Commentary: What Turns Your Ignition?
Is this the key to your heart? If you happen to own a Bentley Continental GT, Flying Spur or GTC, this is it! For those of us familiar with Volkswagen Group products, you may also see this key as a fancified version of the same key that operates your Jetta. Why am I talking about a key? Well, Edmunds.com began the discussion by listing the ten coolest key fobs out in the market. The weighted Bentley switchblade key/remote locking fob obviously came in first. The list also includes some very prestigious names, such as Mercedes-Benz, BMW, Lexus, Infiniti, Jaguar, Land Rover and Cadillac. Each key and fob is distinctive in relation to their brand. A Range Rover owner can lose their key down a canyon and not get crushed to death if it fell within 30 feet of the point of departure. Some keys no longer employ a blade to enter into a lock or ignition cylinder. The Toyota Prius lets you shove the fob into a slot onto the have you push the button to start the car.
Are these the keys to your heart?
We have two here. One is from a Lexus, the other from a Lincoln. A contrast of two luxury cars for which you can walk up – or press a button – and get in. Then, you press a button…and the vehicle comes to life. These are simply two keys that start your ignition and get you going, until you stop it. Still, we call them "keys" these days…
Why am I talking about a key? There was a story several years ago where Edmunds.com listed the ten coolest key fobs out in the market. The weighted Bentley switchblade key/remote locking fob obviously came in first. The list also includes some very prestigious names, such as Mercedes-Benz, BMW, Lexus, Infiniti, Jaguar, Land Rover and Cadillac. Each key and fob is distinctive in relation to their brand.
A Range Rover owner can lose their key down a canyon and not get crushed to death if it fell within 30 feet of the point of departure. Some keys no longer employ a blade to enter into a lock or ignition cylinder. Older Toyota Prius and Volkswagen Passat models will let you shove the fob into a slot onto the have you push the button to start the car.
Car owners covet their keys. They panic when they find themselves locked out with the key left in the ignition. They panic again when they lose them somewhere. In all, we take our car keys for granted. Or, do we?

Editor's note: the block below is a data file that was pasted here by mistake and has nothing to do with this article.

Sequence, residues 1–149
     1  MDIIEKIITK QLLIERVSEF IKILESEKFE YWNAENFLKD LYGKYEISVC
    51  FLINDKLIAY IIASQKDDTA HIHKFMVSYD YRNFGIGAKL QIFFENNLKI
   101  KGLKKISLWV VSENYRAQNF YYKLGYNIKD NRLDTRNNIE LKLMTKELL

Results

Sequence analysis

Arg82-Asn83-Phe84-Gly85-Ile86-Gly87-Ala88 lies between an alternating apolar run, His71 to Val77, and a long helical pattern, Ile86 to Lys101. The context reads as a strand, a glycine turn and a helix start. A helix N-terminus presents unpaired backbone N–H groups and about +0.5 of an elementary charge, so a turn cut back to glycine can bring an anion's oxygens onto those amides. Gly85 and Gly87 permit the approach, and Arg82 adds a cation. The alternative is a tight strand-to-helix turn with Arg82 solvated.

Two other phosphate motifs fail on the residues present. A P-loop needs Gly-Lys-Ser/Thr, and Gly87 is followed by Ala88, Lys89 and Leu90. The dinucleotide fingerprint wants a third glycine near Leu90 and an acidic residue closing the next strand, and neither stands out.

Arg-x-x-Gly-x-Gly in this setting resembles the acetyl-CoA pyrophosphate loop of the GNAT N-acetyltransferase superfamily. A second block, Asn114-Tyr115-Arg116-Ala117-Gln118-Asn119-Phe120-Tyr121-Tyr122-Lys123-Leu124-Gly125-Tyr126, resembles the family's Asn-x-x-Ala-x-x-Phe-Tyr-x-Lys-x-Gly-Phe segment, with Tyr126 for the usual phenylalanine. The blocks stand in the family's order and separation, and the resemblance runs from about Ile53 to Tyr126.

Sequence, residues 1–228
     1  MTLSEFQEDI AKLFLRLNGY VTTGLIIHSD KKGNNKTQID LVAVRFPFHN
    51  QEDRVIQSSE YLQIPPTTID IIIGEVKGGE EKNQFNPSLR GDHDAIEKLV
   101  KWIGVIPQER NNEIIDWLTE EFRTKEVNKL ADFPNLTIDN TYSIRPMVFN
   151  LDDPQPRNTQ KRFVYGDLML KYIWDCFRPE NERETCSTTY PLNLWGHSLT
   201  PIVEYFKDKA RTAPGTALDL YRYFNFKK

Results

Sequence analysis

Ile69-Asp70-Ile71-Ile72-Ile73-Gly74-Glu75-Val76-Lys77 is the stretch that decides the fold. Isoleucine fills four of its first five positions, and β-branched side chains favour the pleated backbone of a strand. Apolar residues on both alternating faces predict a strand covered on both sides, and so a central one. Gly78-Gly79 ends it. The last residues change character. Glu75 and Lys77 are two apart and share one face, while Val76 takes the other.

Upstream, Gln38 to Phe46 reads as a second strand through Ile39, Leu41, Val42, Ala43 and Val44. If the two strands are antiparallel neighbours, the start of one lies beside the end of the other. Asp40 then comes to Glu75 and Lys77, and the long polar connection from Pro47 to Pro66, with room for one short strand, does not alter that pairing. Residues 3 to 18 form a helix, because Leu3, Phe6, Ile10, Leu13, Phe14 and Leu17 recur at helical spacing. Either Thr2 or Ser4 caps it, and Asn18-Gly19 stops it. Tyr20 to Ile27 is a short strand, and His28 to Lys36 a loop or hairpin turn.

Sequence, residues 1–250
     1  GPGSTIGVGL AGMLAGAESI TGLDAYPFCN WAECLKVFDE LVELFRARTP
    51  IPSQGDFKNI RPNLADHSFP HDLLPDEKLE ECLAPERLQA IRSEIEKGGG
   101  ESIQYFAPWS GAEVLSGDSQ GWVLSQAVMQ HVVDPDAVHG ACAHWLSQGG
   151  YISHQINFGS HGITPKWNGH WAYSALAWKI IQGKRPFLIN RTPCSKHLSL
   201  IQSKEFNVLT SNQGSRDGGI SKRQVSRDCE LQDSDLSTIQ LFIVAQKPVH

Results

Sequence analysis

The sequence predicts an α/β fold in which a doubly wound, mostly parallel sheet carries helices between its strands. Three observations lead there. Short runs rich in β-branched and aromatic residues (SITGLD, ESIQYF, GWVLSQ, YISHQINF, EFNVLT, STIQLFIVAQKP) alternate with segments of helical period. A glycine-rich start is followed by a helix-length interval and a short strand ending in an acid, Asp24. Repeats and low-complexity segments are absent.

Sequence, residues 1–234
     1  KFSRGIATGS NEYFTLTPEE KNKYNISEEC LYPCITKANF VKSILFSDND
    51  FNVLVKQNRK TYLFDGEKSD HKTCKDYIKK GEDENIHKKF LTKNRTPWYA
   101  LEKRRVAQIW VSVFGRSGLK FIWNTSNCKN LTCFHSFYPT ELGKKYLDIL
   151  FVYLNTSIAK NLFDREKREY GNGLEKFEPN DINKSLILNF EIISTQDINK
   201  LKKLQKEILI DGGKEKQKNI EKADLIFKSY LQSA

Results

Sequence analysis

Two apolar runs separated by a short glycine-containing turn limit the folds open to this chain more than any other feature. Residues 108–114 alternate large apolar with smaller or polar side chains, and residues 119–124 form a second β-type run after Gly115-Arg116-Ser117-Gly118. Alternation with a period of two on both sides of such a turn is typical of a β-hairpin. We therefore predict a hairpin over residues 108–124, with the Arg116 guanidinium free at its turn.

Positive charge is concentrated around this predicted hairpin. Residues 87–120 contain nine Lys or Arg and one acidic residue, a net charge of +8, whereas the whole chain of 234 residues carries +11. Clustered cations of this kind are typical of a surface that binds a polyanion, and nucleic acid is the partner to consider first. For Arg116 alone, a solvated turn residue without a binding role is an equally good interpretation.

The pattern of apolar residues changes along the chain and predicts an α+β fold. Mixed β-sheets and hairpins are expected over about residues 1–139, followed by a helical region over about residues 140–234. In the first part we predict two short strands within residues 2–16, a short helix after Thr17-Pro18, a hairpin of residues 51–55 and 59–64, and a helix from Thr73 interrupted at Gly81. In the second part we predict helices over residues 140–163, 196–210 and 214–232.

Perhaps, I should be asking whether you notice your car keys at all. Sometimes I see people play with them or the remote locking fob. Some of these keys have a tactile feeling that exudes your personality. Is a key sexy? Possibly erotic? Does your car key feels powerful to the touch? Does it reflect the car’s personality as well as your own?
With the advancement of technology along with proven reliability of these components, we are seeing a slow death of the traditional key. The stand-alone key is being replaced by integrated key/remote locking units and key cards. Some cars even go as far as to say to not put anything in the ignition as the transponder key is coded to sense your entry in the car and to leave that unit in your pocket. It may come to a point that attaching this device to a carbineer clip will become redundant.
Still, many consumers would rather have the security of the traditional key. After all, these keys have gotten cooler. Hellcat-equipped Dodge Chargers and Challengers receive two "keys" – one for the valet limiting the power under the hood and the other for you. That other one happens to red and can open up the engine to its full 707 horsepower. Scion tC owners received a grey key with integrated remote locking functions. Obviously that was one distinction apart from their Toyota brethren. Of course, Nissan and Infiniti have the coolest of the latest technology of bladeless keys. A small oval-shaped multi-function fob that acts as a security transponder that emits a code for entry and ignition. The same key is available in almost every car model from the Versa to the QX80.
Yet, I'll admit that there's nothing like the feeling of slotting a key into the ignition and giving it a turn. The reaction of the ignition and the motor's final response is priceless. When I'm walking around somewhere or hanging out with friends, my fingers give attention to the feel of a well-designed key and its remote locking fob. Call it a nervous tick or a substitute for something else I'd rather not discuss to a open audience, but you have to admit there's a bit of good feeling when one touches the key to their heart…the key to their car.